First Response Security boss in court for racism

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Walvis Bay

Hendrik Burger, the owner of First Response Security, a Swakopmund-based company, finds himself at the centre of a raging controversy following his arrest on Monday on charges of racism and assault with intent to do grievous bodily harm.

Burger, 37, is accused of carrying out a racially motivated attack early on Saturday morning against 34-year-old Jordan Dengeinge, an engineer and senior manager at Husab Mine who resides at Vogelstrand – an upmarket suburb in northern Swakopmund.

Dengeinge says he lost a watch worth N$30 000 and a pair of glasses in the scuffle that ensued. He further claims that Burger stole N$7 300 from his vehicle, but no charges were laid in connection with the alleged theft.
Burger, who was released on N$5 000 bail on Tuesday afternoon apparently called the engineer a “kaffir” and reportedly told him that black people do not belong in such an upmarket neighbourhood.

An as yet unidentified female accompanied Burger at the time. She was questioned, but later released by the police.
According to Dengeinge the attack happened at about 02h00 in front of his own house. “I was driving from a friend’s house who stays about 12 kilometres from my house when I noticed that I was being followed. The attack happened while I was busy opening my gate.

“There were no questions asked or any exchange of words whatsoever between us. It happened so fast that I didn’t even have a chance to defend myself,” Dengeinge told New Era.
“I was driving from a friend’s house who stays about 12 kilometres from my house when I noticed that I was being followed. He attacked me while I was busy opening my gate,” he stated.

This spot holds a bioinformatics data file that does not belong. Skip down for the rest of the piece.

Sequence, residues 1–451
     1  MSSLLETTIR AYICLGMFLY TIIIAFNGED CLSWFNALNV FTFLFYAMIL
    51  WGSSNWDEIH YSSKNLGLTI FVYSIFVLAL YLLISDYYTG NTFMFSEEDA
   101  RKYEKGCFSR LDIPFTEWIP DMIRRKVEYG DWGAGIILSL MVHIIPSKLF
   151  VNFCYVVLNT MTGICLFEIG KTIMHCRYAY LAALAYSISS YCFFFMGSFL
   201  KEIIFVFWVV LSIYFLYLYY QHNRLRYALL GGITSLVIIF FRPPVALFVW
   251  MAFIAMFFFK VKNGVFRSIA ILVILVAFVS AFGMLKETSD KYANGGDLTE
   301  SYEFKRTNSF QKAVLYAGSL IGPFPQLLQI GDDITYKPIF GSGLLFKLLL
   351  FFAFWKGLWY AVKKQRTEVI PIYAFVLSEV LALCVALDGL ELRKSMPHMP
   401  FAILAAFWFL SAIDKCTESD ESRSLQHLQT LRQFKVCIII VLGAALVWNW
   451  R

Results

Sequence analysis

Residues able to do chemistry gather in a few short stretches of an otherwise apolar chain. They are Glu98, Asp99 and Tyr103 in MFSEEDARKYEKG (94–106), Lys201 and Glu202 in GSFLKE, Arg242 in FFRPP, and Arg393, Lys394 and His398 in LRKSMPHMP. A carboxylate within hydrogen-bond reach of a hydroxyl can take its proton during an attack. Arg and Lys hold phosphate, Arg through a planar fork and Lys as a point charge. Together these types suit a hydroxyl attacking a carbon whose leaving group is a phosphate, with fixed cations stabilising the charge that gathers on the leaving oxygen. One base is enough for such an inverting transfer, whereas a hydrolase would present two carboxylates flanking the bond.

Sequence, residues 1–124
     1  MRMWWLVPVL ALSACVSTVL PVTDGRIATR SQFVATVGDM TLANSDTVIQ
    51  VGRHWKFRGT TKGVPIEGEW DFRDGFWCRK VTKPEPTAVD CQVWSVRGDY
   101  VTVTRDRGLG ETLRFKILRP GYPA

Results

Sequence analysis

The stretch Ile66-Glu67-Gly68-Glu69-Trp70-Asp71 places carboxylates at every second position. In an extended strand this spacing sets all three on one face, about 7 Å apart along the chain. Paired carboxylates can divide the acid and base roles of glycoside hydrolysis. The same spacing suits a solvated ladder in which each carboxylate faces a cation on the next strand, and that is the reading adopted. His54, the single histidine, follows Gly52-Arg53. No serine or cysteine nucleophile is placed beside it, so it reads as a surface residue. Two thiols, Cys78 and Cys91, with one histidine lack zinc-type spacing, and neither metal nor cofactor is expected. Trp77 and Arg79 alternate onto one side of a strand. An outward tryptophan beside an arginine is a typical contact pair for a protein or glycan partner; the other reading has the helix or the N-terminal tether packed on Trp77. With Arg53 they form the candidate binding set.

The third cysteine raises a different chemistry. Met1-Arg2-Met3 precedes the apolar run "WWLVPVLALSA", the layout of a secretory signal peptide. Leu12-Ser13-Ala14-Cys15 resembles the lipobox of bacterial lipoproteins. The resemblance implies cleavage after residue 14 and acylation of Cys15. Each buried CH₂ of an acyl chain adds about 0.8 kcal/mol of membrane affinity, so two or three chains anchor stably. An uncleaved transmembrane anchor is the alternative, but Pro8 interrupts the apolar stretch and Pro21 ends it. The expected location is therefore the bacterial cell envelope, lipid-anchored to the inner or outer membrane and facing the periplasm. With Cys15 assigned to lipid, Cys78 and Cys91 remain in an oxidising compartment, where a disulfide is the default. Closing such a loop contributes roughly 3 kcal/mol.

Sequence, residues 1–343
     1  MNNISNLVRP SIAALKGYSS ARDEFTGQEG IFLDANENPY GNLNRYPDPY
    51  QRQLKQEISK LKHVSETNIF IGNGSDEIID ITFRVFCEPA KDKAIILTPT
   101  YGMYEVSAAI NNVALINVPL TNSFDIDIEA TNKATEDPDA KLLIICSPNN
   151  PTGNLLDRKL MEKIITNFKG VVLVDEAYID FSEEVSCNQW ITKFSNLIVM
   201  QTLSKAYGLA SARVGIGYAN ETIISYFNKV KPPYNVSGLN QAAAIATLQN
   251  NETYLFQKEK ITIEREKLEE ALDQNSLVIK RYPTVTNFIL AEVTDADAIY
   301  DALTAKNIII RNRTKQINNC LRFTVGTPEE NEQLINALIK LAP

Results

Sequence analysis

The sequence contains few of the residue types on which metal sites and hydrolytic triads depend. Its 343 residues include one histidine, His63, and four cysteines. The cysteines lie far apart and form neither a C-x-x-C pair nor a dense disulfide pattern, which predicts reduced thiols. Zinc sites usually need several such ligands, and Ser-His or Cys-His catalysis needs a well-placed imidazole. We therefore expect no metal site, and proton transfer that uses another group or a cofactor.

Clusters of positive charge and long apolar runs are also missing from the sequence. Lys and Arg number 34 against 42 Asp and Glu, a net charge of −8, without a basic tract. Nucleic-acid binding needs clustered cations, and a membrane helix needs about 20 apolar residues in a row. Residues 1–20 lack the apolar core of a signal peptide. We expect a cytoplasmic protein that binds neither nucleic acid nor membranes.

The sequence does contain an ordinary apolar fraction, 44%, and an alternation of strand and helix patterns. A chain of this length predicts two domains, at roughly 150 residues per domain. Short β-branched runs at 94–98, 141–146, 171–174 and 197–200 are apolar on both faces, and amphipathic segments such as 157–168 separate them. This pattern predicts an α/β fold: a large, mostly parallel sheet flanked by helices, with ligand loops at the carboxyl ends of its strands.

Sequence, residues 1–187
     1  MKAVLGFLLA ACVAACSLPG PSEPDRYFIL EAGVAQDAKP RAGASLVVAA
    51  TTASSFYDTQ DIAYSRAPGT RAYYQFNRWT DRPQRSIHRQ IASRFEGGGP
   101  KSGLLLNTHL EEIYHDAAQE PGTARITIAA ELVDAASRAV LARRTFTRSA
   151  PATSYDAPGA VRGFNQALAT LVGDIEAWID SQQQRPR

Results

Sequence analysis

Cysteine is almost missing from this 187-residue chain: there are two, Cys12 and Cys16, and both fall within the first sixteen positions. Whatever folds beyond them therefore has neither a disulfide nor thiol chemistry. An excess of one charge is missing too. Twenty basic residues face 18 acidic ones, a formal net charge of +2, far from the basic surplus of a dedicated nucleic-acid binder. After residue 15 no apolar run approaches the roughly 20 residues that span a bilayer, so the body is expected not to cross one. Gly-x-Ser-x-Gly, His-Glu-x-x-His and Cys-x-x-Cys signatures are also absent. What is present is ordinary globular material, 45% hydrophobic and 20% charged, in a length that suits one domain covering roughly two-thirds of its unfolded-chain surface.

He says Burger handcuffed him and then called Nampol in Swakopmund to come and arrest him. “The police came and instead of arresting me, as he requested, demanded that he (Burger) un-cuff me. I was never humiliated like this before,” the traumatised man said.

He feels it is unfair that black people are still subjected to such demeaning treatment and abuse when out walking late at night or living in upmarket neighbourhoods, as if they could not possibly afford such comforts.
“He should have ascertained first whether I lived there. However, no one should be attacked like that, regardless of where he or she lives, or because of their skin colour. We are all Namibians,” he said.

Burger could face additional charges, as the matter is still under investigation by the police. Tuesday Swakopmund Magistrate Nelao Brown postponed his case until February 9.

When contacted for comment on Wednesday Burger said he plans to also lay charges against Dengeinge. “His accusations are completely false and I was advised to also lay charges against him, which I will definitely do today (Wednesday),” he said. It could not be ascertained whether he had indeed done so by the time of going to press.

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